My sister, who is 36, and her 9 year old daughter, have been living with my parents for the last three years. She has a drug problem, no job and no transportation. She got a divorce from her husband three years ago and asked my parents if she could stay with them while she got her life back together. Since moving in with them, she has stolen over $10,000 from my father and totaled one of their cars, luckily no one was hurt. You may ask why they don't kick her out? Well, because they are afraid of what may come of their child, that she will turn back to drugs and worry for the safety and well being of their grandchild.
My sister has been to counseling and drug centers, but we all know you have to want help and want to get better before you will. To make mattes worse, my sister doesn't even like my mom and dad, only uses them for a place to stay. She has no goals or ambition to do anything. She sometimes leaves for days on end, leaving no information for my parents, with the assumption that her daughter will be cared for. I can see this causing an enormous strain between my parents marriage and our family as a whole and I can't stand to sit back and watch this anymore. I need some advice as to what I can do or how I can help my mom and dad. --Looking Out Laurie
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Dear Looking Out Laurie--
I am so sorry to hear about your sister, this is an awful situation all the way round. Your family sounds like an incredibly supportive and loving unit and it is very clear that your parents are caught between a rock and a hard place -- while they don't want to condone your sisters bad behavior, they don't want her to end up homeless, on drugs, and more importantly, putting their granddaughter in harm's way.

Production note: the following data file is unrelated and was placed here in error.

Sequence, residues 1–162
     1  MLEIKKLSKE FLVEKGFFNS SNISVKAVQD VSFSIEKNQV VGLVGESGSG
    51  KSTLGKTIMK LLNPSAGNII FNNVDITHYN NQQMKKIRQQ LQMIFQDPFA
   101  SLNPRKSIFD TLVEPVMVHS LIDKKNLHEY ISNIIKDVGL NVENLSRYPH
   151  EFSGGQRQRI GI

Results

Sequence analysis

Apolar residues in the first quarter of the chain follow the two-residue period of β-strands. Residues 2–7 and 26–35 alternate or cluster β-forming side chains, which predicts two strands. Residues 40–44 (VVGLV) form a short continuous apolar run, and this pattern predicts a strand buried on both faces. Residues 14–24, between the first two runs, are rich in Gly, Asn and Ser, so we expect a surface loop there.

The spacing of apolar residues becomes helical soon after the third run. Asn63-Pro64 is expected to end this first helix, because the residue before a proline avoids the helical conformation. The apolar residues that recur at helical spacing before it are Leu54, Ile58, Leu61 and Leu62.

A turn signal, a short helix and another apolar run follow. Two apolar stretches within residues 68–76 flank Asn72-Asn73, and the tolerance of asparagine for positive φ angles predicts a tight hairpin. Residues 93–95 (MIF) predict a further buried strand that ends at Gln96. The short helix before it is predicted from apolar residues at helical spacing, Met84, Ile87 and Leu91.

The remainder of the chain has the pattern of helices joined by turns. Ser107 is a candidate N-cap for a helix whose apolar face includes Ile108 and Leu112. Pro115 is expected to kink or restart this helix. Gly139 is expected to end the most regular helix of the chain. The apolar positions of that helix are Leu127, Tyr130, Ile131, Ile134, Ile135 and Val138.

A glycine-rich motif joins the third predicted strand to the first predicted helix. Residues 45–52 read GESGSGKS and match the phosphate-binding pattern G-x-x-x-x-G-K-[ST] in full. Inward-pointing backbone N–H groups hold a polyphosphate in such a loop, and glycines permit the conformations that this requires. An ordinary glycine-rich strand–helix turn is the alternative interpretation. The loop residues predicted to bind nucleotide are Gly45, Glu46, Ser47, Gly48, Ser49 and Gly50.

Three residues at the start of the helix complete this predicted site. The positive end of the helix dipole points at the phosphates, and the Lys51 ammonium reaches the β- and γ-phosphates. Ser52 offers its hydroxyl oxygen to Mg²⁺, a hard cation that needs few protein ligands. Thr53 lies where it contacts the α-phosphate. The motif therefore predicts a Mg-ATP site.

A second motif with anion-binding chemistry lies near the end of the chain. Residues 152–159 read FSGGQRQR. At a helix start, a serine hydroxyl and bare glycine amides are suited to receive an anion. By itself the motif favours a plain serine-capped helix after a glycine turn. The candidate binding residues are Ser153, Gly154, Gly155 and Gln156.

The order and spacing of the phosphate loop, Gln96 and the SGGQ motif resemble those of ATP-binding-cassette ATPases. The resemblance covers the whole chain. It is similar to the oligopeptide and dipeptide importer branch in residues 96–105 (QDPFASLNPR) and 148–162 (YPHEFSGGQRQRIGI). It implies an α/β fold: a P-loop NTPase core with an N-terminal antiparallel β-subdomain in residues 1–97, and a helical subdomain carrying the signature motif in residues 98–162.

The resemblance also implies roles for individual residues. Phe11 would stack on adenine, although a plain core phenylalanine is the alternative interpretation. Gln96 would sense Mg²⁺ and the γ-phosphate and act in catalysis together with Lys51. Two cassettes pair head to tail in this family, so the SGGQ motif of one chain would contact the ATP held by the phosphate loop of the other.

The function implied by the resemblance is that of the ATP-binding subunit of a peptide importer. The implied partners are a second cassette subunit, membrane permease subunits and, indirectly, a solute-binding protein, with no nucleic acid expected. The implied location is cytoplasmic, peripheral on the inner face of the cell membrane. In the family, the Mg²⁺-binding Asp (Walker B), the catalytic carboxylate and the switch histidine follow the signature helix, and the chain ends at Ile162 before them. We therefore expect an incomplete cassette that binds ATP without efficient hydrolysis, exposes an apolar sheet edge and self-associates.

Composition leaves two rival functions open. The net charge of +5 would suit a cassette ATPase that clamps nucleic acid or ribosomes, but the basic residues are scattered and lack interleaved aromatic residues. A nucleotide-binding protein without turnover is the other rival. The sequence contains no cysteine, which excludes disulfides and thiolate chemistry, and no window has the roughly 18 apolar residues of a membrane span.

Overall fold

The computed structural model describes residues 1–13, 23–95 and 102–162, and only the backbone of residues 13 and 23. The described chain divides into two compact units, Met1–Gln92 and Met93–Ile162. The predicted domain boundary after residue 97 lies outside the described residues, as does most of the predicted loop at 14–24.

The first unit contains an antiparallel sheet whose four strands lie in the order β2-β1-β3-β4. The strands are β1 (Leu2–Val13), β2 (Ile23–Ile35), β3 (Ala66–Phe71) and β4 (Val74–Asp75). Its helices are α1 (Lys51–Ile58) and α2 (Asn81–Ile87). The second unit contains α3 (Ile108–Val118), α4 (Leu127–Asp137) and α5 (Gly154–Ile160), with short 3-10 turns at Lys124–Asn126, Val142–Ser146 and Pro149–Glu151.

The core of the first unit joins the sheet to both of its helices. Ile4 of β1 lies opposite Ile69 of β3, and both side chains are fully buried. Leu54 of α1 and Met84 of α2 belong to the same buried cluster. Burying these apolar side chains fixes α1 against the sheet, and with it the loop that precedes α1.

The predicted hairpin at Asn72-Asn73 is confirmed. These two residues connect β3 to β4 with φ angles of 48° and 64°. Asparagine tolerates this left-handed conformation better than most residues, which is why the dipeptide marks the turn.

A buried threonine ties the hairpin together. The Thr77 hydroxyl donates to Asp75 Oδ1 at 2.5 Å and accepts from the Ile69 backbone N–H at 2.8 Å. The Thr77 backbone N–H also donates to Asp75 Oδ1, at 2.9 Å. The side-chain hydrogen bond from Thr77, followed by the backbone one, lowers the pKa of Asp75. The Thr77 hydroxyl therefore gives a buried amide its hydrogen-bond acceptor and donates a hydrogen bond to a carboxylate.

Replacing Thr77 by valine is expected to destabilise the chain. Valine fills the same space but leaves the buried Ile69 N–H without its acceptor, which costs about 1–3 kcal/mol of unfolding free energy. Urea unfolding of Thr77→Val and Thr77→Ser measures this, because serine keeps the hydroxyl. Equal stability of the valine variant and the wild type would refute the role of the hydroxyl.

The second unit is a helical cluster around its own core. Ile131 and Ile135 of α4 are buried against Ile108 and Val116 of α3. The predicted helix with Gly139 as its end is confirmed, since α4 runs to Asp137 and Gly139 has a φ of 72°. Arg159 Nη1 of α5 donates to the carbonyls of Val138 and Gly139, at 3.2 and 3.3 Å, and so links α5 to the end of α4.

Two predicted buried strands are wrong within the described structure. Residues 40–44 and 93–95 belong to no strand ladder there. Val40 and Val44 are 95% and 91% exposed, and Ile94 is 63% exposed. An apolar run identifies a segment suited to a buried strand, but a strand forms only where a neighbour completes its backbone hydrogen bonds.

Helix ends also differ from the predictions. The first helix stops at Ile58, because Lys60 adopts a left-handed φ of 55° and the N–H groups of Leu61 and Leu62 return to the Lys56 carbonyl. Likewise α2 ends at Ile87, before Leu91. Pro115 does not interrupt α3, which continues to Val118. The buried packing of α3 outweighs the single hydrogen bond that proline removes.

But with that said, it sounds as though your sister needs to have some consequences in her life or else she just won't change. Have your parents thought about taking legal action to gain custody of her daughter? Tough love might the only thing that is going to help your sister understand what she has to lose here. Having her family always there to bail her out or providing her with a safe haven isn't going to help get her feet back on the ground.
Are you living at home as well? As hard as it is for you to sit back and watch your sister treat the parents you love with such disrespect, unfortunately you're right, there is nothing you can do to make her change, and she's the one that has to be ready. In the meantime, I highly advise you and your parents to seek counseling. It isn't healthy for you to carry around the burden your sister is placing on your shoulders. These are her problems, not yours, and while they do directly affect you, you have to learn to separate yourself from them as much as you can. My heart goes out to you and your family and I wish you all the best.